The Server SoC at the heart of Data Center almost don’t care about power consumption, at the opposite of Application Processors for smartphone. If you design a server multi-core SoC, you target the highest performance, in fact a combination of high frequency and lowest possible latency, and try to pack as many CPU core and embedded cache memory in a single chip. The first limitation is the die size, the chip should exhibit a yield compatible with semiconductor economics, and the power consumption compatible with physic laws (electro-migration, voltage drop and thermal dissipation). Please note that I didn’t mention power efficiency, as I don’t think it’s really a care about for this type of SoC design.
You will appreciate how challenging is the move for Qualcomm to penetrate this data center market. In fact, Qualcomm desperately need to find new market segment out of mobile. Samsung and Apple, the top two leaders in high end smartphones, are going vertical, integrating their internally designed AP. In the lower end smartphone segment, Mediatek and Spreatrum are now reaching double digit market share. To escape from this squeeze effect, Qualcomm has to move into new application. Qualcomm is good at designing application specific processor, the company has built an impressive IP port-folio (ARM architecture license, DSP, GPU, Network-on-Chip, etc.) as well as experienced designer team and is not afraid by the most advanced technology nodes like 16FF nm or even lower.
Should Qualcomm attack an hypothetic IoT market characterized by sub $5 processor price or the very dynamic data center market? I have made some market size evaluation, grapping data from IDC or Gartner. My evaluation is that the server SoC market weight $15 billion in 2015 (99% captured by Intel), SoC shipments are in the 25 million (per year) range, leading to an ASP in the $500-600 range…
25 million units is roughly 100 time smaller than the AP market size… but ASP is 20x larger. Moreover, instead of a myriad of competitors who need to gain market share (at any price?), there is only one competitor… Ok, it’s Intel.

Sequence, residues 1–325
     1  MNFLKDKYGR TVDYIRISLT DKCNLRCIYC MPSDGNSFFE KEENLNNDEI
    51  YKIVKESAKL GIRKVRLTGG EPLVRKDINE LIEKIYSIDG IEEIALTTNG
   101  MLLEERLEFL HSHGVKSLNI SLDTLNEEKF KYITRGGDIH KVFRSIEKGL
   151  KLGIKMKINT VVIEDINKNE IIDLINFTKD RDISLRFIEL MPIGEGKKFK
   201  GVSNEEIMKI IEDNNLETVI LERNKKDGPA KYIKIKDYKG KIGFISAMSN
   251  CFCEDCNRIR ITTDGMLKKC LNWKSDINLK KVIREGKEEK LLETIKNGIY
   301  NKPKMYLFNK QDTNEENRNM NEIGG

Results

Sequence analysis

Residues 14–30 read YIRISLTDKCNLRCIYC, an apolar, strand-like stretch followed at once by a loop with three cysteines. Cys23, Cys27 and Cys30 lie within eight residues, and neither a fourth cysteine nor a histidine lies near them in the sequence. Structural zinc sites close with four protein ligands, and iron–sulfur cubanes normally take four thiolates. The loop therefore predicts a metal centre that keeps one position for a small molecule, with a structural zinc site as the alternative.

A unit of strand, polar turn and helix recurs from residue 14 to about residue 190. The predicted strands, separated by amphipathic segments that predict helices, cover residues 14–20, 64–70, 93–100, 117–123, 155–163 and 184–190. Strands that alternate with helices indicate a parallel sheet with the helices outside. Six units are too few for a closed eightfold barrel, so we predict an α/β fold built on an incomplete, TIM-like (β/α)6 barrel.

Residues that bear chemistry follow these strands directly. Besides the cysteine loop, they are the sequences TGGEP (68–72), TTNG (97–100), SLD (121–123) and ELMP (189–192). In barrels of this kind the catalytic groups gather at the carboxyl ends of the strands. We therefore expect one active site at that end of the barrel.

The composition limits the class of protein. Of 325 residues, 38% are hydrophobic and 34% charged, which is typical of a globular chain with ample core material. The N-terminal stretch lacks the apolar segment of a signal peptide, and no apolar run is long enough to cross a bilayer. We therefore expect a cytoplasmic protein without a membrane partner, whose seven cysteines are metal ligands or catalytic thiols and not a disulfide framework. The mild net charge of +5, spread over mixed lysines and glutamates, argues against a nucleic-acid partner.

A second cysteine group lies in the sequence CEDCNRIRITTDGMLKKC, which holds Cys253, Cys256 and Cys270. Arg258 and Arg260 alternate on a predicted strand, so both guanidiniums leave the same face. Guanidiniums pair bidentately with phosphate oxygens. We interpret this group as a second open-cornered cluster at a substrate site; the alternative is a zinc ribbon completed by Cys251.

If this news (Google will buy server SoC to Qualcomm, if the expected performance is verified) is confirmed, and we should know it by 2/11, this could ring the bell for a very interesting fight. On my right stands Intel, literally owning this market, and designing for the highest performance at any Silicon area and power consumption expense. On my left, Qualcomm who has been cleaver enough to kick out competitors like Texas Instruments, Nvidia or STMicroelectronics from a $30-40 billion AP market within 5 years (2005-2010). Which makes this move so interesting is the fact that Qualcomm not only brings its own IP, or ARM 64-b CPU, but also comes with a completely different design culture: design for power efficiency.
What’s happen when a SoC consume so many power like it does today in data center? This incredibly high power consumption impacts cost of ownership at every stage, not only electricity bill.
- The package should have exceptional Theta jA (power dissipation) characteristic, it’s more expansive than a standard package.
- Power should be dissipated by the means of a heat-sink mounted on the package.
- The rack itself has to be cooled
- The data center has to be cooled, amount of electricity spent to run the cooling system is higher than the electricity spent to power the data center chips
Last but not least, as for any IC, the SoC performance degrades when the junction temperature goes up.
I honestly don’t know by how much it would be possible to decrease server SoC power consumption. That I know for sure is that the Qualcomm designer culture is to design for performance and power efficiency. Will they do better than Intel for server SoC? Let’s say that Qualcomm is probably one of the very few companies able to address this challenge…Share this post via: